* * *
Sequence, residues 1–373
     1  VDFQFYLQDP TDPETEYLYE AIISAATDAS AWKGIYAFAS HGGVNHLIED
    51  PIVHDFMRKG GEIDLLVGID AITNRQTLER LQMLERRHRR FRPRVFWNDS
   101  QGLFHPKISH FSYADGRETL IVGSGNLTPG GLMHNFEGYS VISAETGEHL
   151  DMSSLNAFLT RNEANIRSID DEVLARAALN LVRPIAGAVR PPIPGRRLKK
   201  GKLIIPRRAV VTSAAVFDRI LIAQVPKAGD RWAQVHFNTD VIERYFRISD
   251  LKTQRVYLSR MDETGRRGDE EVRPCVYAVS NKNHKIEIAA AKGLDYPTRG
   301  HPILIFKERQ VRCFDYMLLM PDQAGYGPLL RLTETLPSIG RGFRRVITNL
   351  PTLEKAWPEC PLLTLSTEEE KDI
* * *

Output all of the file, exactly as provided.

Sequence, residues 1–373
     1  VDFQFYLQDP TDPETEYLYE AIISAATDAS AWKGIYAFAS HGGVNHLIED
    51  PIVHDFMRKG GEIDLLVGID AITNRQTLER LQMLERRHRR FRPRVFWNDS
   101  QGLFHPKISH FSYADGRETL IVGSGNLTPG GLMHNFEGYS VISAETGEHL
   151  DMSSLNAFLT RNEANIRSID DEVLARAALN LVRPIAGAVR PPIPGRRLKK
   201  GKLIIPRRAV VTSAAVFDRI LIAQVPKAGD RWAQVHFNTD VIERYFRISD
   251  LKTQRVYLSR MDETGRRGDE EVRPCVYAVS NKNHKIEIAA AKGLDYPTRG
   301  HPILIFKERQ VRCFDYMLLM PDQAGYGPLL RLTETLPSIG RGFRRVITNL
   351  PTLEKAWPEC PLLTLSTEEE KDI